Sections

No votes for a thief

The Brooklyn Paper
Share on TwitterTweet
Share on Facebook
Subscribe

Don’t miss our updates:

Roger Green must be stopped.

Sliding down today’s ever-slippery slope of cynicism, the disgraced Brooklyn Assemblyman now has the temerity to suggest that his guilty plea last year for stealing thousands of dollars from the state’s coffers will not be a big deal as he campaigns to defeat Rep. Ed Towns in Brooklyn’s 10th congressional district.

“People do not feel it’s a major issue,” Green told the New York Times last week.

We beg to differ. No, we don’t beg. We scream.

As our own Ariella Cohen discovered during a fact-finding mission within the 10th congressional district, Brooklyn voters actually do think it is a “major issue” when a politician is caught with his hand in the till, pleads guilty to robbing his own constituents and is forced to resign in disgrace.

That Green was eventually re-elected to the very same office speaks more to the power of incumbency and the lack of talent on the scandal-tarred Democratic bench, than forgiveness.

Green’s crime — he took free rides from a private company and then billed the state for travel expenses — was hardly a hanging offense. But the fact that he thought he could get away with it — that he felt above the law that we send him to Albany to make — is what makes the transgressions unforgivable.

In the same Times interview, Green trash-talked Towns in the language of the reformer he will never be. “There is a question of his legislative leadership,” Green said. “You have someone in office for more than 20 years and has only one bill to his credit that has been voted into law.”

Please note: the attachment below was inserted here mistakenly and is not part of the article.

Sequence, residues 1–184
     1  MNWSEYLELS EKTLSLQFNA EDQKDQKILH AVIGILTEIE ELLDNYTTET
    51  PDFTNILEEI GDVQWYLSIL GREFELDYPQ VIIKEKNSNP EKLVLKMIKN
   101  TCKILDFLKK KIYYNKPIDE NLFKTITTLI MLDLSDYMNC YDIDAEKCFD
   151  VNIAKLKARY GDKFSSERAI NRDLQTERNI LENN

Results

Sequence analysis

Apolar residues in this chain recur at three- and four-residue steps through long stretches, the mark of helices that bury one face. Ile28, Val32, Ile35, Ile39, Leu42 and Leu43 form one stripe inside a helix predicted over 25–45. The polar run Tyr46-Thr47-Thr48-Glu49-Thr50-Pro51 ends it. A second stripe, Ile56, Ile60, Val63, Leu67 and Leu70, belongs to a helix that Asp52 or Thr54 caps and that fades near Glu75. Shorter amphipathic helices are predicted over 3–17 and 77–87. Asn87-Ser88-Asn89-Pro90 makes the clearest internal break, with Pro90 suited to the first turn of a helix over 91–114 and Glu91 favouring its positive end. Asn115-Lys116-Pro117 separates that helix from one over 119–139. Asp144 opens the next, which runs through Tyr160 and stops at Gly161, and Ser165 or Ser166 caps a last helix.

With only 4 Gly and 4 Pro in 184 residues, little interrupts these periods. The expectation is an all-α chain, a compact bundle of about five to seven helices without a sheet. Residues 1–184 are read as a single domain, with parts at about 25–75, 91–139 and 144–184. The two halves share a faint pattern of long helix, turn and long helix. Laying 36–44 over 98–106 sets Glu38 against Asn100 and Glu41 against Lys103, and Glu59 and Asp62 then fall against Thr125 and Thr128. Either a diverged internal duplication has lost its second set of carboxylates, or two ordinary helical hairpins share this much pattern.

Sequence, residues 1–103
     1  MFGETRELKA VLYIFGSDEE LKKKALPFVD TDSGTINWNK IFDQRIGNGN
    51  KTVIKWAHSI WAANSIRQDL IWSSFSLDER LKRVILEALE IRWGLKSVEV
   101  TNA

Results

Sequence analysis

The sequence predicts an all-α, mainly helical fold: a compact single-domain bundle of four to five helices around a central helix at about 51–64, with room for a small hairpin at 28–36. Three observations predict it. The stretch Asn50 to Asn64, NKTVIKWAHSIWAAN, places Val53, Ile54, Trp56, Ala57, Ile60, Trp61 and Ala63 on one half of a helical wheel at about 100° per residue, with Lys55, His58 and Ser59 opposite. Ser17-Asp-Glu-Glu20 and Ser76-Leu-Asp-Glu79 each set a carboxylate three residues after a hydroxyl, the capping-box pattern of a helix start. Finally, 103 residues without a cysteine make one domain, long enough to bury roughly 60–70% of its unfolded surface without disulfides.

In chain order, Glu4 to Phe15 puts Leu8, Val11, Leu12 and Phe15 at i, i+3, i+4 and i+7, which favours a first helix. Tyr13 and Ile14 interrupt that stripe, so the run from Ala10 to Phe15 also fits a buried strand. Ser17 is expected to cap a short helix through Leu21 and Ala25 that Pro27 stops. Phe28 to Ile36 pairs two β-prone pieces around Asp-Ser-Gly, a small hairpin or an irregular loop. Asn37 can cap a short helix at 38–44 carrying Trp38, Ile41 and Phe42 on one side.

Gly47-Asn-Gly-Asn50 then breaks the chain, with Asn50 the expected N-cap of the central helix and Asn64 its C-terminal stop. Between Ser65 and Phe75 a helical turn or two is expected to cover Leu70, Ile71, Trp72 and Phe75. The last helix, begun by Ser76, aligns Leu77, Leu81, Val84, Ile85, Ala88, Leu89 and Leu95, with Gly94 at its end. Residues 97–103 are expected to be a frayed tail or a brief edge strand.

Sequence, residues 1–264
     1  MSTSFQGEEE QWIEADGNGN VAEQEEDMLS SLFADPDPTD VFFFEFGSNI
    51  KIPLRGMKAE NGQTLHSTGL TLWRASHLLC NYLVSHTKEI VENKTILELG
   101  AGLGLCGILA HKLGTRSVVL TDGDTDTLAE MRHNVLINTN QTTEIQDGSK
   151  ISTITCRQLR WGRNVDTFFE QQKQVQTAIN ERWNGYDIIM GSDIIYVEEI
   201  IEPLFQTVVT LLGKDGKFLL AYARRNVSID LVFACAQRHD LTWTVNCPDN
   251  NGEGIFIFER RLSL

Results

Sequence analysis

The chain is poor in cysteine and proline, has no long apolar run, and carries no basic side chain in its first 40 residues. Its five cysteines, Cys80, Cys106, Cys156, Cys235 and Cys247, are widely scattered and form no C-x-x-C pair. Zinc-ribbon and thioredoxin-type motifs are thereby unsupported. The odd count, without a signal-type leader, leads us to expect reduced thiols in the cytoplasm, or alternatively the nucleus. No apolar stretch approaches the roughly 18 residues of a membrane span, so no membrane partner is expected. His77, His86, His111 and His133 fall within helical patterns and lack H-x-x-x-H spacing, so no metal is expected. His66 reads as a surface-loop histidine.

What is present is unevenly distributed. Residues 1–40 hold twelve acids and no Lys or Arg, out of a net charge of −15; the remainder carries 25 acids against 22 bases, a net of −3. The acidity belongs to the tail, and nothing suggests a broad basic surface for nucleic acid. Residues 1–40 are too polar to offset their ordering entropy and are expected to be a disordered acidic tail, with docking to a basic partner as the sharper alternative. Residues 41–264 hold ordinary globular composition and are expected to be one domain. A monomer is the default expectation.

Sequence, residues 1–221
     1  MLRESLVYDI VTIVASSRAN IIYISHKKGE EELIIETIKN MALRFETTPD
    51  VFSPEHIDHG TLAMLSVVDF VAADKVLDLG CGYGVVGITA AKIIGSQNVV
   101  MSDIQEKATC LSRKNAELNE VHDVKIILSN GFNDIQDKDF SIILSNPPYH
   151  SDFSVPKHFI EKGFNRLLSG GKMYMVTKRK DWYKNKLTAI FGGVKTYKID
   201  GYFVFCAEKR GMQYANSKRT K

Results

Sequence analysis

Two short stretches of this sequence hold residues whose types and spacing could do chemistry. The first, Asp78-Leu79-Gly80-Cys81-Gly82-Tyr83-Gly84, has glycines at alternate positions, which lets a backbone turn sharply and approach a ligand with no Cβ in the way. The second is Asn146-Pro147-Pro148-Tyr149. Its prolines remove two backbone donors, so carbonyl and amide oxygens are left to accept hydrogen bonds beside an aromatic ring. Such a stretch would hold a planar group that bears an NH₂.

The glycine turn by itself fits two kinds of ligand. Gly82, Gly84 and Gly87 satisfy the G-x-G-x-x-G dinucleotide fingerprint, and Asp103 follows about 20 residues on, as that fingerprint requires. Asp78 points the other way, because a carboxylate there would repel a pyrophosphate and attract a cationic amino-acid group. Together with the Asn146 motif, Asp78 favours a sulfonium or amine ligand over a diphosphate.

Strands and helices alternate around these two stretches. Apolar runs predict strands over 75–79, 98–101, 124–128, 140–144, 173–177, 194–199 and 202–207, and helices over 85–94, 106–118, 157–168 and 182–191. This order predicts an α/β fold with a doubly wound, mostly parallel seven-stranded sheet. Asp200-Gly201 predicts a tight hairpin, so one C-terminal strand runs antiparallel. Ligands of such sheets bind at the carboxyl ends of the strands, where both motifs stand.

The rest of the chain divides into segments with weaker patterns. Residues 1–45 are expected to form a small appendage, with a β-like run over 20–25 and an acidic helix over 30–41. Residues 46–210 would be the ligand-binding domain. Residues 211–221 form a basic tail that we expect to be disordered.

But for our money, we’d rather have a back-bencher than a convicted — and unrepentant — thief.

Updated 4:00 pm, November 10, 2010
Today’s news:
Share on TwitterTweet
Share on Facebook
Subscribe

Don’t miss our updates:


Reasonable discourse

Comments closed.

First name
Last name
Your neighborhood
Email address
Daytime phone

Your letter must be signed and include all of the information requested above. (Only your name and neighborhood are published with the letter.) Letters should be as brief as possible; while they may discuss any topic of interest to our readers, priority will be given to letters that relate to stories covered by The Brooklyn Paper.

Letters will be edited at the sole discretion of the editor, may be published in whole or part in any media, and upon publication become the property of The Brooklyn Paper. The earlier in the week you send your letter, the better.

Keep it local!

Stay in touch with your community. Subscribe to our free newsletter: